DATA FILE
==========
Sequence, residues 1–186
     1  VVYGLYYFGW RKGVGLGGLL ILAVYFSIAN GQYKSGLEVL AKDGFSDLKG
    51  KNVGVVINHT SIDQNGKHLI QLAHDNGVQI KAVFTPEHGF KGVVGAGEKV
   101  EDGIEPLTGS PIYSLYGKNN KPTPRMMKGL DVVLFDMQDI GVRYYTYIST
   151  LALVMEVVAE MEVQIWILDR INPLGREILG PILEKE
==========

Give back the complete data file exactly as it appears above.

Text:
Sequence, residues 1–186
     1  VVYGLYYFGW RKGVGLGGLL ILAVYFSIAN GQYKSGLEVL AKDGFSDLKG
    51  KNVGVVINHT SIDQNGKHLI QLAHDNGVQI KAVFTPEHGF KGVVGAGEKV
   101  EDGIEPLTGS PIYSLYGKNN KPTPRMMKGL DVVLFDMQDI GVRYYTYIST
   151  LALVMEVVAE MEVQIWILDR INPLGREILG PILEKE